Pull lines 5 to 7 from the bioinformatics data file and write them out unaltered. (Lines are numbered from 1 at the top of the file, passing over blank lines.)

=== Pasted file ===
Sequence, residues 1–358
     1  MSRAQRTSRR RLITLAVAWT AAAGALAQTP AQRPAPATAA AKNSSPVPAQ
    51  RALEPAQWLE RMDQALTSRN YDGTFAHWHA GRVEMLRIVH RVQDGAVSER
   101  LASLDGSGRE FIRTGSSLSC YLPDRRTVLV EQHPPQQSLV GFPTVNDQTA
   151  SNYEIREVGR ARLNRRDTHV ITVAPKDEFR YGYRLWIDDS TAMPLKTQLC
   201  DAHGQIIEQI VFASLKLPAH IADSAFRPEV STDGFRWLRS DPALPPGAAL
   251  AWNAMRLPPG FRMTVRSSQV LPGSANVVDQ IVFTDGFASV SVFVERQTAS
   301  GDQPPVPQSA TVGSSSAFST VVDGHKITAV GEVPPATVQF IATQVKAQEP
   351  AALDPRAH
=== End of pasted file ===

   151  SNYEIREVGR ARLNRRDTHV ITVAPKDEFR YGYRLWIDDS TAMPLKTQLC
   201  DAHGQIIEQI VFASLKLPAH IADSAFRPEV STDGFRWLRS DPALPPGAAL
   251  AWNAMRLPPG FRMTVRSSQV LPGSANVVDQ IVFTDGFASV SVFVERQTAS